The syncing of devices—getting the right content onto the right device (or devices) or associated with the right account (or accounts)—remains a labor-intensive venture, as Parker can tell you. It’s one of the striking reminders of how tablets and ereaders are designed for the individual consumer with one account. Despite the growing popularity of these devices in schools and libraries, some of the major hardware makers—Amazon and Apple, primarily—have been slow to accommodate the needs of those who are implementing these devices at a large (school or classroom) scale.
Getting devices, platforms to play nice
Another problem facing schools and libraries is interoperability: Do different devices work together, can content move from one type of device to another, and do these all integrate with a library’s information system? There’s been some improvement in making user information available and synced across devices, thanks to the cloud. Kindle’s “Buy once, read anywhere” slogan is a nod in that direction: you can read your Kindle ebooks on multiple devices, and thanks to Amazon’s Whispersync technology, books open to the last page you were on.
But the slogan’s a bit misleading, too, as there’s still the potential of finding oneself locked into a particular platform, device, or marketplace. Some apps are only available on Apple devices, for example. Apple iBooks can only be read on iPads, iPhones, and iPod Touches—but not on Macs. Kindle ereaders are tightly bound to the Amazon store, and Nooks to Barnes & Noble. For libraries with multiple types of devices—something that’s not that uncommon considering today’s choices in computing devices: iPads, iPod Touches, Nooks, Kindles, Windows desktops, MacBooks, or Chromebooks, and so on—it can be incredibly challenging, if not impossible, to maintain and transfer digital content across platforms and systems.
While digital content distributors, such as OverDrive, provide ebook checkout that supports multiple devices and file formats (including PDF, ePUB, and AZW files), the cost is prohibitive for many schools and libraries. And even if you can afford OverDrive, there’s no guarantee that the books students and teachers want are available electronically—or available for ebook loans. Indeed, although Amazon’s CEO, Jeff Bezos, talked about books’ “stubborn resistance” to digitization when he rolled out the Kindle four years ago, it’s the publishing industry—not books or their readers—that seems to be slow to move, particularly when it comes to making ebooks available to libraries.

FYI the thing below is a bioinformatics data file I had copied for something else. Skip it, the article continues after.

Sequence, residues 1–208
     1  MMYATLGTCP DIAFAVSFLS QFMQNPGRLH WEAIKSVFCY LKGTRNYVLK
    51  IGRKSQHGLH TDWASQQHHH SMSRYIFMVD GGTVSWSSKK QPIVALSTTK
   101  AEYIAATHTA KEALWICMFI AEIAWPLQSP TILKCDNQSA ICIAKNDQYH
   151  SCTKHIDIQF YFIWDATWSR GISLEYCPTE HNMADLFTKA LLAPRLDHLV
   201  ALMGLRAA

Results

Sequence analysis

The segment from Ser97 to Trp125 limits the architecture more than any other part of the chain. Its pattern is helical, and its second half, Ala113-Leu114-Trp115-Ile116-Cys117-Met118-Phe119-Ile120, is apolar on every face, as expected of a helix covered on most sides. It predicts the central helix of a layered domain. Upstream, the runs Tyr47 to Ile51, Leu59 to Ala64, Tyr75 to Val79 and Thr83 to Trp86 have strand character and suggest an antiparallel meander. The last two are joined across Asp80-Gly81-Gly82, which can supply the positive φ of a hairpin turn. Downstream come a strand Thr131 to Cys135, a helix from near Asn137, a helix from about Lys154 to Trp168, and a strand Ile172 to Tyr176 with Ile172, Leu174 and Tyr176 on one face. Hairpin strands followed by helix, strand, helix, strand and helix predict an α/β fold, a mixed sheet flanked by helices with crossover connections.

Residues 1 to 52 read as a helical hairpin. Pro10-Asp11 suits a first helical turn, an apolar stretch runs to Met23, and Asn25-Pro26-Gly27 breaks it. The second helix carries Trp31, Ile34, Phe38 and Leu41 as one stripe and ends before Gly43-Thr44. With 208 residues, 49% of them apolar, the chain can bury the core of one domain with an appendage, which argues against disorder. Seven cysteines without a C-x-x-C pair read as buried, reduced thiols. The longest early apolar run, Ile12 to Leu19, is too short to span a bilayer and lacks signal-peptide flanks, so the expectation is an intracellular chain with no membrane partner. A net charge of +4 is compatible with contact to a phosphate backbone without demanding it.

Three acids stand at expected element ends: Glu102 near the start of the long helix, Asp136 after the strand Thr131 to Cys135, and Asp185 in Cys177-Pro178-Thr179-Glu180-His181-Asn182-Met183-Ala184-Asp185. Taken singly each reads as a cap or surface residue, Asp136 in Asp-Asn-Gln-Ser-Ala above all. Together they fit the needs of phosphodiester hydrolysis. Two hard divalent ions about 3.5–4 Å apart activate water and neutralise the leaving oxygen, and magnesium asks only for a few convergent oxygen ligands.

The accessibility issue
But it isn’t just the “new rules” of publishers and digital content providers that are changing how these new reading devices are handled. For many schools, their newly purchased ereaders and tablets only circulate onsite, remaining in the library or in the classroom. In other words, students aren’t able to take the devices home. That’s hardly surprising, particularly when you’re talking about an expensive piece of equipment like an iPad. But this raises questions about other aspects of accessibility. What does it mean if students can’t take their digital library books or textbooks home? Is there still a way for them to access an ebook online or on a personal device? To address some of these questions, CPS has created a Virtual Library, which contains more than 7,000 books, available 24/7 at home and at school in formats that work across devices, including via a Web browser.
Another challenge? Integrating all these various subscription services and ebook portals into a single library catalog that’s easily searchable by students—a catalog that makes it clear where on the physical bookshelves or on mobile devices they’ll be able to locate a title. Norma Thiese, a media/technology consultant at the Keystone Area Education Agency in Iowa, says that discoverability remains one of the biggest challenges that librarians (and their patrons) face with ebooks. Library users need to be able to find the titles they’re looking for, receive alerts when there’s something new, and—of particular importance to school libraries—find content that matches their grade or reading level and that clearly indicates if the ebook has “read aloud” functionality.
It’s clear that the increasing adoption of mobile devices like ereaders and tablets by schools and libraries still faces a number of obstacles. How will libraries meet the growing interest in and demand for ebooks? How will circulation policies change, and how will library systems and processes adapt? And how will schools and libraries ensure that all students have access? But these are new devices, bringing with them new challenges. And even with all these hurdles, librarians are adamant: if tablets and ereaders are what students want—if these devices really do increase their enthusiasm for reading—then they’ll find ways to make the devices work, even if that involves, at least for now, a lot of work-arounds.
These are the top five issues libraries face when it comes to using ereaders and tablets in school.
1) Platform lock-in and lack of interoperability
2) Administering devices
3) Availability of the titles students and teachers want
4) Integration of the ebook catalog with the library catalog
5) Cost of both devices and ebook
Illustration by Dave Cutler.